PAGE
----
Export of narcotics requires the special approval by the Ministry of Health and is subject to a specific procedure, which must evidence that the country of destination allows the importation of narcotics and that these are to be used solely for medical purposes.

Moreover, it is strictly prohibited to advertise to the public any medicinal product that contains psychotropic or narcotic substances.

Under Law 4523/2018,25 special provisions were introduced with regard to cannabis for medical use, laying down exemptions for the production, possession, transportation, storage, supply as well as the installation and operation of a plant for the processing and production of finished medicinal cannabis products.

xiv Enforcement

Medicines

MAHs remain liable for their pharmaceutical products at all stages of their circulation in the market and there is no way to otherwise restrict or exclude this liability. The appointment of a local representative does not exonerate the MAH from its liability, while the former is held liable independently and in parallel.

The EOF assumes a vigilant role in cases of violations and puts a great effort in being proactive as well as taking remedial action against infringement. It may impose various sanctions or order corrective actions according to its discretion, including the imposition of fines, the revocation of licences, the ban of exports, recalls etc. Articles 162 to 178 of the MD on Medicines also provides for serious sanctions in case the applicable law is violated, from recalls to fines.

Medical devices

Given that compliance with the rules and standards on medical devices is subject to the controls and scrutiny of the EOF, the above-mentioned sanctions in case of violation of the legislation regarding medicines, applies mutatis mutandis in medical devices, as per Article 23 of the Medical Devices MD.

Pricing and reimbursement

Albeit the pertinent pricing legislation undergoes recurring modifications, MD 82331/2019 is currently operative in Greece.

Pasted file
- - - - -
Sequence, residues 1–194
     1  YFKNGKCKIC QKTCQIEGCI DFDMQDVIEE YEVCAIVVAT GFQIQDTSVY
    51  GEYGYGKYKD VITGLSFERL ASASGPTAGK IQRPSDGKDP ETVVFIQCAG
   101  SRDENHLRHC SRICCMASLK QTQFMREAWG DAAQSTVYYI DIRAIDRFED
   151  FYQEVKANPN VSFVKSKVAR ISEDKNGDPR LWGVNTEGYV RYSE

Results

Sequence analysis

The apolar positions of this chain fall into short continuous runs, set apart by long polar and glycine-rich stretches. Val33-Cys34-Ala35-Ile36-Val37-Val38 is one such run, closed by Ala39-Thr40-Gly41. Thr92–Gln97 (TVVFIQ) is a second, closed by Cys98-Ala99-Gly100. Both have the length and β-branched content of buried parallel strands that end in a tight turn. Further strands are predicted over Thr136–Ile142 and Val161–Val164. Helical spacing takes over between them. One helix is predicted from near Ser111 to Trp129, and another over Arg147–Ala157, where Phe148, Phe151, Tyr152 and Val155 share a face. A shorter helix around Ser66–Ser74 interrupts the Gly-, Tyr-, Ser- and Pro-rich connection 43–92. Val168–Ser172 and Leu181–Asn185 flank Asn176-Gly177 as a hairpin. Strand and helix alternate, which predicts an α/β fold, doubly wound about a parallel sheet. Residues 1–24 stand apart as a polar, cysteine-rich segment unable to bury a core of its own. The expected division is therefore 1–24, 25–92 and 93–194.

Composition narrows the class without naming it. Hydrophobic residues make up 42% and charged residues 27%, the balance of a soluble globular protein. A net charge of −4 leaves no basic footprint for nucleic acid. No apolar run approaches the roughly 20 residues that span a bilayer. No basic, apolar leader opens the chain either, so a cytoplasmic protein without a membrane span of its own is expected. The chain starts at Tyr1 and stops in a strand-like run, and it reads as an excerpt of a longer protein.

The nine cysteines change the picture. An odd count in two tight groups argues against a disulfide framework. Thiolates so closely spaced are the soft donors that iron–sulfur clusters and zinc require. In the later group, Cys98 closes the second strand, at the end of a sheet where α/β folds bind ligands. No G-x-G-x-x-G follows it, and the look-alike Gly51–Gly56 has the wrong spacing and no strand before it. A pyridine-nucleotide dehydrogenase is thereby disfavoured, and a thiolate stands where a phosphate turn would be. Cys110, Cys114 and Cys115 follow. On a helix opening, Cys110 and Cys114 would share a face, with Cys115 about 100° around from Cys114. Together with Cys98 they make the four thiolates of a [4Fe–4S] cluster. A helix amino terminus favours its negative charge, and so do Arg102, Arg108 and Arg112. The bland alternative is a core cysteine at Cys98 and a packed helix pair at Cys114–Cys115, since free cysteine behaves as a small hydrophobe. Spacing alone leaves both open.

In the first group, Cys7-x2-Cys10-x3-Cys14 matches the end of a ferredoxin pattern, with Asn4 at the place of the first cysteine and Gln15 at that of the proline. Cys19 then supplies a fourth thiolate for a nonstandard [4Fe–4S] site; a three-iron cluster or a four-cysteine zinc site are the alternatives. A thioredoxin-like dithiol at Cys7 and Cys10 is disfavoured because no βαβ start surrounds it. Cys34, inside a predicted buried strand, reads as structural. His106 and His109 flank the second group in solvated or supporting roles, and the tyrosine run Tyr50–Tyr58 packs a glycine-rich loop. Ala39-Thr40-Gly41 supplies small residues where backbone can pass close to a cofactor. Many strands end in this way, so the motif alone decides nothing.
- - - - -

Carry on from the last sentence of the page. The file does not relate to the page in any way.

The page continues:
Four major categories of prices have been formulated:

  1. the maximum wholesale price of medicinal products (i.e., the price at which medicinal products are sold to pharmacies, which includes the gross profit margin (mark-up) of the wholesaler);
  2. the maximum net producer's price (ex-factory) (i.e., the sale price at which the MAHs sell medicinal products to the wholesalers);
  3. the maximum retail price of medicinal products, which is the price at which medicinal products are sold by pharmacies to consumers, and it is defined on the basis of the maximum wholesale price, adding the lawful profit margins of the pharmacy and the applicable VAT; and
  4. the maximum hospital price of medicinal products is the price at which medicinal products are sold by the MAHs or the wholesalers to the state, public hospitals, social care units, the pharmacies of EOPYY (i.e., the main health insurance fund in Greece), public law entities engaged in social care and to private clinics provided that they operate a hospital pharmacy. The maximum hospital price is determined on the basis of the ex-factory price reduced by 8.74 per cent.

The ex-factory price of reference medicinal products is based on the average of the two lowest prices in the EU while generic products' price shall be 35 per cent lower than that of the respective reference products. Reimbursement of medicines is subject to their inclusion in EOPYY's List of Reimbursed Medicinal Products (the 'Positive List').26 Inclusion (or exclusion) of medicines in the List is subject to their assessment by the Assessment and Reimbursement of Medicines for Human Use Committee. For products with an initial positive assessment, a recommendation from the Negotiation Committee (NC) concerning their budget impact is required. NC is also competent for negotiating prices and discounts of the products to be introduced in the List as well as for concluding agreements with MAHs involved in the relevant negotiation process. Lastly, for the products ultimately included in the List, a reimbursement price is determined, which results in the multiplication of the product's reference price by the number of daily doses of said product.27